Here at this temple are the remains of the Nihonmatsu Boy’s Squad. In Boshin War, boys from twelve to seventeen years old fought to protect the castle. Among them, the souls of 14 boys and the captain and the second in command who died in the war are resting in the family temple.
This picture was taken at another location honoring the Byakkotai also. The first picture was the family plot and this one here is the memorial plot.
This monument was sent over from Rome in honor of the Byakkotai and their sacrifice to their master. In the photo you can see the classic Pompei motif, the symbol of the Roman Empire.
What nobody else will tell you, is that Adolf Hitler sent over another monument in honor of the Byakkotai, but was removed by the Occupational Authorities in 1945. If anyone knows or has any information about the remains of that statue let me know.
It was really heart warming to see so many people paying respect here. I had to wait in line just to get get close enough for this picture.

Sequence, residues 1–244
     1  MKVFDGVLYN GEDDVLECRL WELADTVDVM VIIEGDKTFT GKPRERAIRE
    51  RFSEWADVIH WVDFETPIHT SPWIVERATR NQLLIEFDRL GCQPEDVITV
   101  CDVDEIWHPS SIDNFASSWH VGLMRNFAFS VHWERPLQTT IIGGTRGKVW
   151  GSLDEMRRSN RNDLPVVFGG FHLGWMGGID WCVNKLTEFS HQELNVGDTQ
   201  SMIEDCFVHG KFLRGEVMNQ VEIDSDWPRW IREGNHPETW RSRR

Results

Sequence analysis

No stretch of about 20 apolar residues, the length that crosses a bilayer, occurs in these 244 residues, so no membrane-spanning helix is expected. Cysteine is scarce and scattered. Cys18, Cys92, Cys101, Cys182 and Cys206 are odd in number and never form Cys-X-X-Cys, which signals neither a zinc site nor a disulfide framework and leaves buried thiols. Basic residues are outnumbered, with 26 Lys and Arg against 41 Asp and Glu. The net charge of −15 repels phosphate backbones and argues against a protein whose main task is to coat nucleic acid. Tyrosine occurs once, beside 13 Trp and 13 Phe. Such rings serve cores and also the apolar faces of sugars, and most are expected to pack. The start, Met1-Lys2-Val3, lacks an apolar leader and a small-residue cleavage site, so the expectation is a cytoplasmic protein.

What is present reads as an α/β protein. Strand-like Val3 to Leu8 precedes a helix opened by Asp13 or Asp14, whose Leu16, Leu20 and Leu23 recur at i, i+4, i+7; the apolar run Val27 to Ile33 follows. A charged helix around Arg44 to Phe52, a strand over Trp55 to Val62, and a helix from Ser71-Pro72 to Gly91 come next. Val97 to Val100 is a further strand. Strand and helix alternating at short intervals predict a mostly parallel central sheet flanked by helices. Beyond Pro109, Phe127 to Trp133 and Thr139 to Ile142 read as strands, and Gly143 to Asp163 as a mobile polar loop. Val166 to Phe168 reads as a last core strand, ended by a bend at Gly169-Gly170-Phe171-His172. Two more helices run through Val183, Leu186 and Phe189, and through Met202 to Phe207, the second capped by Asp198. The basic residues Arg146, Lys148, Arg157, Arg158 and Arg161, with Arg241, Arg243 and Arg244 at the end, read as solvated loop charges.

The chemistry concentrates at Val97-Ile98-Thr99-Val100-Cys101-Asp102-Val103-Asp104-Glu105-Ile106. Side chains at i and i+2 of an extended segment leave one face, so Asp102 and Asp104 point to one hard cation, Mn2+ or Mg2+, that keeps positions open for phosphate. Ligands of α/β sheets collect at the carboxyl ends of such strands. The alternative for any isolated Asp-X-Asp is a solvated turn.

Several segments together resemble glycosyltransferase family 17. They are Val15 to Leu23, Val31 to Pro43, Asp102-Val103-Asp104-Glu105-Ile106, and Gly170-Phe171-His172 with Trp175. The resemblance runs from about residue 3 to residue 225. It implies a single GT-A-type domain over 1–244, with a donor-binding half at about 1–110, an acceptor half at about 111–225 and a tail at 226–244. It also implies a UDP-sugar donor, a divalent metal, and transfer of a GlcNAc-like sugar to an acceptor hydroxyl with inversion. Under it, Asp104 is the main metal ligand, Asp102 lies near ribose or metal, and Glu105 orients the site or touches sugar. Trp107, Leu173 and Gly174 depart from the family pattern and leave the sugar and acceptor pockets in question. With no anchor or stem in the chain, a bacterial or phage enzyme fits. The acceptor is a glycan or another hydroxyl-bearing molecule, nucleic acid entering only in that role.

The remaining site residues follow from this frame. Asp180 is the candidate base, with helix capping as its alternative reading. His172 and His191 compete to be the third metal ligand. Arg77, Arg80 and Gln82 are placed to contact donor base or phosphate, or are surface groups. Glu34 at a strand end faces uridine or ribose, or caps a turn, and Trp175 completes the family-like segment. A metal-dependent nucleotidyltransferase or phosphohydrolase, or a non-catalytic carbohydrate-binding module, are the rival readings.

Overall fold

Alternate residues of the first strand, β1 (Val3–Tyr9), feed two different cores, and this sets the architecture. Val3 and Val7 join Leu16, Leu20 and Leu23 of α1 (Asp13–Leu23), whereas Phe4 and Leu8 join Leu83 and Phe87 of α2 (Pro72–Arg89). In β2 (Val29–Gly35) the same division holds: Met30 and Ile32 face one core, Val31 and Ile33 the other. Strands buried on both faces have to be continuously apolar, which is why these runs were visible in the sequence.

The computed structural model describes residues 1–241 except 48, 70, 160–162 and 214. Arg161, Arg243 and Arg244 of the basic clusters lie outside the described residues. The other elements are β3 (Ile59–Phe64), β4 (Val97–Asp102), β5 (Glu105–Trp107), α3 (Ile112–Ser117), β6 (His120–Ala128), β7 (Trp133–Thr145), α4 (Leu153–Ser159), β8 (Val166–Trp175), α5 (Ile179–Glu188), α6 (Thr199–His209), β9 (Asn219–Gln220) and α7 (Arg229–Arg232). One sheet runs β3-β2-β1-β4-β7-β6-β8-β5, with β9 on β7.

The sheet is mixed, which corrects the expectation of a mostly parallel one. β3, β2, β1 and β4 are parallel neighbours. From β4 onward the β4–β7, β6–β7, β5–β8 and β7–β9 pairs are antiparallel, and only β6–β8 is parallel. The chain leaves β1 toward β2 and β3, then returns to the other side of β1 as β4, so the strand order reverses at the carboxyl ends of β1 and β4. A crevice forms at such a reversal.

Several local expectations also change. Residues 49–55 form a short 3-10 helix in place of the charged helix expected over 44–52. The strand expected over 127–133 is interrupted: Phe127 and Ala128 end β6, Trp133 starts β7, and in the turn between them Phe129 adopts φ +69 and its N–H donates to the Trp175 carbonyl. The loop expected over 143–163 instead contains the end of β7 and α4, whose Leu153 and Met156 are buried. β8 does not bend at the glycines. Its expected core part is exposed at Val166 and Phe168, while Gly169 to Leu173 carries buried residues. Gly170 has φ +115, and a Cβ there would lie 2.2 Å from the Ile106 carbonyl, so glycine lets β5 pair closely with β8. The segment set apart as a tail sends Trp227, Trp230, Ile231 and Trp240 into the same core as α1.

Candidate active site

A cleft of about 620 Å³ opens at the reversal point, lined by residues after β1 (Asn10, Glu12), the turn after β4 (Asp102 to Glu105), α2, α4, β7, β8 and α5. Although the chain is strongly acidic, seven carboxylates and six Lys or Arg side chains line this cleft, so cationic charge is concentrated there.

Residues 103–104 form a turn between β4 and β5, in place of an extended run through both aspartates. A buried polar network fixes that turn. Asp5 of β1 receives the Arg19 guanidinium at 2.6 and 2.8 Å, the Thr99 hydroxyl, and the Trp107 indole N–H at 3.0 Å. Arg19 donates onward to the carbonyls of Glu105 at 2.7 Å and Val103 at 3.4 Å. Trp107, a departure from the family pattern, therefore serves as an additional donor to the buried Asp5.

Amidst the solemn air there were still interesting and beautiful things to look at, like this furnace and cherry blossom tree enjoying the afternoon sun together.
Or this stone monument.
Beautiful Shidare Cherry Blossoms. And then there’s the temple itself. In Japan, Buddhism has always handled matters of the dead then and now. The souls of those remaining in limbo linger here.
The main temple where I received my omen.
This is one of those rare and off the beaten track temples that most tourist never have an opportunity to visit. I wasn’t surprised to see a lot of old people on this tour though. I was so happy.